For me, Ryback is an obvious example of an act who's just crying out for an increased focus on tag team wrestling to benefit him ala Batista. Like Batista at the start, Ryback's hardly a great in ring worker. However, there is something there. Go back to his babyface run and he was getting over when he was squashing guys. That's because he was good on offence. Then he started to have to work longer matches on his own, his weaknesses got exposed and ultimately his momentum derailed. I go back to the benefit of hiding weaknesses and exposing strengths. This is what Ryback was just begging for. Showcase the guy in a tag team where you can highlight his strengths that were getting him over and hide his weaknesses such as selling and inability to work a singles match of any length. Pairing him with an established babyface such as Christian could've helped him get more over with the audience by tapping into their star power and really developing his in ring skills by working with high end workers on a weekly basis.
The Never-Ending Road Schedule
Another benefit for WWE is a significantly reduced physical load for wrestlers. The current WWE schedule is extremely gruelling and even on house shows the majority of the matches are singles matches. Obviously it doesn't take a genius to figure out that it's more gruelling to work a singles match than a tag match and the risk of injury is reduced in tag matches. With WWE's reliance on a small number of genuine numbers moving superstars they should be taking every measure possible to maintain the health of them stars and an increased focus on tag team wrestling would definitely do that. As I showed earlier, main eventing shows with tag matches won't suddenly kill business so why aren't WWE taking the opportunity to protect their prized assets?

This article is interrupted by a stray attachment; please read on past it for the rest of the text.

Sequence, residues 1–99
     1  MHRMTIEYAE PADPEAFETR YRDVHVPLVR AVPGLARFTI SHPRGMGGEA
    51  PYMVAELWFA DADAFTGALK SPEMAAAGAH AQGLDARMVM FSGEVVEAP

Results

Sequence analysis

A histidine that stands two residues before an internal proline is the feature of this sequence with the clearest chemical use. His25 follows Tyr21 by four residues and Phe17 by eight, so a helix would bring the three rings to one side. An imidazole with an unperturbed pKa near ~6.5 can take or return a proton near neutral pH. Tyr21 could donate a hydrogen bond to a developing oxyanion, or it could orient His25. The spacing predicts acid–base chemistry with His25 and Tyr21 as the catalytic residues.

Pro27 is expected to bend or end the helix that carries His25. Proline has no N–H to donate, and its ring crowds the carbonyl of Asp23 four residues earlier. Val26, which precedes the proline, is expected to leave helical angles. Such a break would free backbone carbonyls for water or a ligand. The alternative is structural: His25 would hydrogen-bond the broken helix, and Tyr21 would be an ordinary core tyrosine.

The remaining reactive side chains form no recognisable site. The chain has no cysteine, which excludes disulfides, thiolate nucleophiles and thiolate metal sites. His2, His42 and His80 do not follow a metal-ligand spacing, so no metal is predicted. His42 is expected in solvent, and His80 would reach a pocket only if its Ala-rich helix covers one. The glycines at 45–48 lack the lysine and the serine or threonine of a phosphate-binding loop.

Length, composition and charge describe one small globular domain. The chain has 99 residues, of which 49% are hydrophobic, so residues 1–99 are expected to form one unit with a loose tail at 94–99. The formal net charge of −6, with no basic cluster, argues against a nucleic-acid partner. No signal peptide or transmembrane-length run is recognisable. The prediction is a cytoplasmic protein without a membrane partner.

So if you're WWE, which do you prefer? The current system where your top stars run a higher risk of injury on multiple shows every week and your undeveloped prospects have their potential for stardom reduced by exposing their weaknesses, or an increased focus on tag team wrestling that protects your prized assets better and aids development in your next generation of stars. Doesn't even seem up for debate does it?
PPV buyrates come from The Observer. Free secondary sources for the buyrate - 2008 2009 2010 2011 2012 Wrestlemania 1-28
Evidence of Batista as a singles worker before Evolution and after